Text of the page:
News | 4 min read
Self-driving cars to be tested in Virginia
June 2, 2015
News | 4 min read
June 2, 2015
Self-driving cars soon will be cruising along more than 70 miles of Northern Virginia highways that include some of the country’s most congested roads as part of an automated vehicle testing initiative.
The research will be overseen by the Virginia Tech Transportation Institute on portions of Interstates 95, 495 and 66 as well as on U.S. 29 and U.S. 50 that are being dubbed Virginia Automated Corridors.
Test tracks at the institute’s Smart Road in Montgomery County and the Virginia International Raceway in Halifax County will be used to certify technology as safe before the cars are allowed on the highway.
Google’s self-driving cars have traveled almost 2 million miles in the six years they’ve been on the road, mostly in the western U.S. The technology is not yet available to the public.
Virginia will join California, Nevada, Michigan, Florida and Washington, D.C., as among the first areas in the U.S. to allow the testing of fully automated cars on public roads. The cars still will be required to have a driver at the wheel to take over in case of a computer malfunction.
The initiative was announced Monday in Pittsburgh at a meeting of the Intelligent Transportation Society of America.
Myra Blanco, director of the Virginia Tech Transportation Institute’s Center for Automated Vehicle Systems, said Virginia will set itself apart from other states by making it easier for manufacturers to test their technologies.
“Other states are saying you need to prove that independently you can do all this testing. What we are trying to do is show them how to do the testing and how to facilitate the process as well,” Blanco said.
“I think this is going to help us advance the technology and even more important, to attract companies and satellite offices in the Northern Virginia area to develop these new concepts.”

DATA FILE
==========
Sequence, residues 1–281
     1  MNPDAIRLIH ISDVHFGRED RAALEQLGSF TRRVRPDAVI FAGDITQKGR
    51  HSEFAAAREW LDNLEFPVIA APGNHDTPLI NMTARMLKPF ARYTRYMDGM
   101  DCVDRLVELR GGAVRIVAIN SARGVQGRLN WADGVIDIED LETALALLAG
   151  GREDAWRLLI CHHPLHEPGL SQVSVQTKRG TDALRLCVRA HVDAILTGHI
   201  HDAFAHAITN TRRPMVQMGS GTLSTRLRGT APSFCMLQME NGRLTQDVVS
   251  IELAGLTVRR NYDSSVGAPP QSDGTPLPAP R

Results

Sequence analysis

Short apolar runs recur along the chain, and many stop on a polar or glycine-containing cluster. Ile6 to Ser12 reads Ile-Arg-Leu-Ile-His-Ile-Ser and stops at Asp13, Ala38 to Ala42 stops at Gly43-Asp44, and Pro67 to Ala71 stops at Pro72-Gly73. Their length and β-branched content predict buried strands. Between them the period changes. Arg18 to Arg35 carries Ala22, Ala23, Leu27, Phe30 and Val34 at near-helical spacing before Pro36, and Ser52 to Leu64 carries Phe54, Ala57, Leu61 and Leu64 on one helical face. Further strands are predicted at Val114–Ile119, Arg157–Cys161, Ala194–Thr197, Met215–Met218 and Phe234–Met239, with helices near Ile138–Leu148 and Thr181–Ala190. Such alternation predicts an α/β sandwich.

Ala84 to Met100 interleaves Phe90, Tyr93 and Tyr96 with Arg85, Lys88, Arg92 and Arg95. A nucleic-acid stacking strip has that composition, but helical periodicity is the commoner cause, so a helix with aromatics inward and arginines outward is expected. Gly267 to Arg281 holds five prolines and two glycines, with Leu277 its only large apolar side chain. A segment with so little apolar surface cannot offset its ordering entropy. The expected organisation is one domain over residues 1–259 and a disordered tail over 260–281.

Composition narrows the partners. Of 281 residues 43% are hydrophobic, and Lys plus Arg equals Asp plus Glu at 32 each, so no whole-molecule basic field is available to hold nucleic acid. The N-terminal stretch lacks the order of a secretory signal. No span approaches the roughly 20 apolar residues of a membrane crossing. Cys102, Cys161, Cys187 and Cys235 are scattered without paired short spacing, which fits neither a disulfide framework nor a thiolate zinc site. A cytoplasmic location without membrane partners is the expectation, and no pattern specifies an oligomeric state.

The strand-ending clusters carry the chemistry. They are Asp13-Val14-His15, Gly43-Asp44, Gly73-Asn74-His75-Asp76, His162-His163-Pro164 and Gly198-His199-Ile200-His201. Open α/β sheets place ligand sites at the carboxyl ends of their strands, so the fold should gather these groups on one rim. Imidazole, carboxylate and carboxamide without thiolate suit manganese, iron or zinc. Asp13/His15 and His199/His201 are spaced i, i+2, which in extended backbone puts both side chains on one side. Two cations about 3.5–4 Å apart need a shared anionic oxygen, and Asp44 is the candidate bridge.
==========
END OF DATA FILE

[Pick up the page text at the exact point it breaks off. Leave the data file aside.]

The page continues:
She said it was too soon to say which manufacturers might be involved, but she expects self-driving cars on Virginia highways within a year.
Blanco’s center will help provide license plates and insurance once vehicles have been approved for road testing. The Virginia Department of Transportation and Department of Motor Vehicles are partners in the initiative.
A VDOT spokeswoman said the extent of its role isn’t yet known, but it could include such things as making sure lane markings aren’t faded so the cars’ sensors can read them.
The heavily traveled Northern Virginia roadways will provide a major challenge to the cars’ ability to adjust to new information on the fly, such as traffic jams or construction that temporarily closes a lane.
Nokia’s HERE system is developing precision 3D mapping for the roads that will allow the cars to recognize their lane positioning while also providing real-time information such as traffic conditions.
While fully automated cars haven’t made it to the market, manufacturers continue to take a step-by-step approach that makes many of today’s cars able to detect some road conditions or park on their own.
“It’s going to be a gradual progression,” said Monali Shah, director of global intelligence transportation solutions for HERE. “I think we’ll continue to see these features be implemented, and in the next 10 years I think we’ll see more of the fully automated vehicles out there.”
Real-world testing will help manufacturers improve their systems, which eventually could ease congestion and improve safety by taking some decisions out of the hands of distracted drivers, Shah said.
Part of Virginia’s test tracks include smart roadways that can interact with cars by directing them through traffic signals or alerting them to approaching emergency vehicles.
Blanco said the institute, which has been studying car automation for decades, will help with testing various levels of computer-assisted driving.
She said she envisions cars that could pick up the elderly or disabled at the push of a button, or cars that can coach teenagers while taking control in some situations.
“It’s potentially similar to when we started with revolutionary technology like the cellphone,” Blanco said. “We’re not even able to imagine all the benefits 10 to 20 years from now.”
Copyright Richmond Times-Dispatch. Used by Permission.